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  4. 52 everyday trips: find tours in Stavanger
  5. Storhaugturen

Storhaug walk

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This is a walk with plenty of options, from rural idyll to urban playfulness.

Start the walk with youthful energy at Kjelvene and its skateboard park before casting your gaze upon the impressive St. Johannes church. Continuing through residential areas interspersed with small green parks, you are surrounded by streets named after places in nearby Ryfylke.

Set off a little time for fun and games at Storhaugmarka. The old “Storhaugen” burial mound is to be found here, after which the city area is named. The pulse hastens rapidly up the short climb to Varden where you are rewarded with a fantastic view at the top.

One of Stavanger’s most beautiful walks guides you along the Storhaug shoreline. The route weaves between bays and south-facing slopes with both mature trees and temperate climate flora. Bathing areas are abundant here, with Godalen, Vaisenhusstranda and Rosenli all to choose from. In fact, bathing is possible all year round at Storhaug, even mid-winter when the temperature is sub-zero.

Taking a slight diversion, you can experience the mini-arboretum at Godalen before continuing along the shoreline. At Ramsvig you can let your dog off its lead in the dedicated dog-walking area, or instead take a colourful break at the allotment garden just nearby. If spring’s in the air, you can be on the lookout for wild garlic (after which Ramsvig is named). Simply use your nose!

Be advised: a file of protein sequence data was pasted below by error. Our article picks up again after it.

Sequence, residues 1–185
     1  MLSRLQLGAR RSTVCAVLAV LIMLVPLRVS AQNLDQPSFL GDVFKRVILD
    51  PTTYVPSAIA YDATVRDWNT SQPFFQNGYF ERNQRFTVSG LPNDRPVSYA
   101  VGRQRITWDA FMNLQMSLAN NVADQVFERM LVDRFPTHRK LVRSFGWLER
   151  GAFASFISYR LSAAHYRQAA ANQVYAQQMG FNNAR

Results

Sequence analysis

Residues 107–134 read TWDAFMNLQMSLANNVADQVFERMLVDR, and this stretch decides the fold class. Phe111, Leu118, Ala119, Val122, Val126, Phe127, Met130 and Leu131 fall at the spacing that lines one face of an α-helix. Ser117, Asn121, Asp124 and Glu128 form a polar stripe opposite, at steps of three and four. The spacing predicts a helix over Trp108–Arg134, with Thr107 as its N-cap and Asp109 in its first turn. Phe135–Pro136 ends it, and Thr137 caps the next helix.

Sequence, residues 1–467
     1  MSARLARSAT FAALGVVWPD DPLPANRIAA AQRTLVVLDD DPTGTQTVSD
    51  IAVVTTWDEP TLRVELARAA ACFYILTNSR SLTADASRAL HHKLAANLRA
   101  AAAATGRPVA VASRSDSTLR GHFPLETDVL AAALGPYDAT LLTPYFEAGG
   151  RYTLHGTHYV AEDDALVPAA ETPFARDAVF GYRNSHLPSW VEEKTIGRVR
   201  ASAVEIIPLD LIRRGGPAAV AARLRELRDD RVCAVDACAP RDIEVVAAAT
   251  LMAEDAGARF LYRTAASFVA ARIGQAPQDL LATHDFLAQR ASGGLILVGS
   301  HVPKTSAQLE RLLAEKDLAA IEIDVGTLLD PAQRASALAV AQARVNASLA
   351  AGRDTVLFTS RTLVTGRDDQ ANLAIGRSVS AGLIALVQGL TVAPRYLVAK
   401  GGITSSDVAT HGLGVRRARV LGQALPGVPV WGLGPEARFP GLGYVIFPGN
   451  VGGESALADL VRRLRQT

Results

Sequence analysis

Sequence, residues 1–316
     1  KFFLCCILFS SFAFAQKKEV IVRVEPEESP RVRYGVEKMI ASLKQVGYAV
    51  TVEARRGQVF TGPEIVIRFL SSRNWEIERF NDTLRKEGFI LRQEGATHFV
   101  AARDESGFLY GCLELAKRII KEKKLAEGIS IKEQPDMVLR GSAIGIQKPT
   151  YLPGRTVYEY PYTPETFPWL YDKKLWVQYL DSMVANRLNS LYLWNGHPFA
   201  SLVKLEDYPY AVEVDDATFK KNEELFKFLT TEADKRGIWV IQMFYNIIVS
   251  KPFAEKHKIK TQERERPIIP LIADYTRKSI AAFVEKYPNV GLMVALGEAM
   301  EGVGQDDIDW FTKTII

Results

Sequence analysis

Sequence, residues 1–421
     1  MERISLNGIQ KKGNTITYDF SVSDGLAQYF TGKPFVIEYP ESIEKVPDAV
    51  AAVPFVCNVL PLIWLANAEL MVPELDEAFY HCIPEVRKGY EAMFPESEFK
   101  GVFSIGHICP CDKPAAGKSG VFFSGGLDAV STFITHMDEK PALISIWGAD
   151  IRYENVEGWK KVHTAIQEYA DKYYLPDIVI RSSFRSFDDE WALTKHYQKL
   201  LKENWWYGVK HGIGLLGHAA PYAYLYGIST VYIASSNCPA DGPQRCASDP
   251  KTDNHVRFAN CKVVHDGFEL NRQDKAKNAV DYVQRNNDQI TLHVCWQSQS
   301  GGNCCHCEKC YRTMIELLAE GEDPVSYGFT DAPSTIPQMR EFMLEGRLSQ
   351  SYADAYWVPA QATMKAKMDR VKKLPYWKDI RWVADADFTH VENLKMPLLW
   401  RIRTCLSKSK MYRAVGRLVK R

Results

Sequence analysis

It is allowed to ride horses between Breivik and Strømsvig. Horse riders and hikers are encouraged to show consideration towards each other.

The route takes you on to Rosenli where Leonor A. Mydland created a large fruit garden  and produced cherry wine up until in 1967. The quality of the wine is said to have been very good. Under the influence of the impressive landscape, you continue through leafy forest areas before once again emerging into urban streets. Finally, keep an eye out for the fingerprints on the ground at Lervigtunet before your own footprints come to a stop at the walk’s end.


The entire walk is passable with a stroller.

Let us know if you discover a problem along the way!

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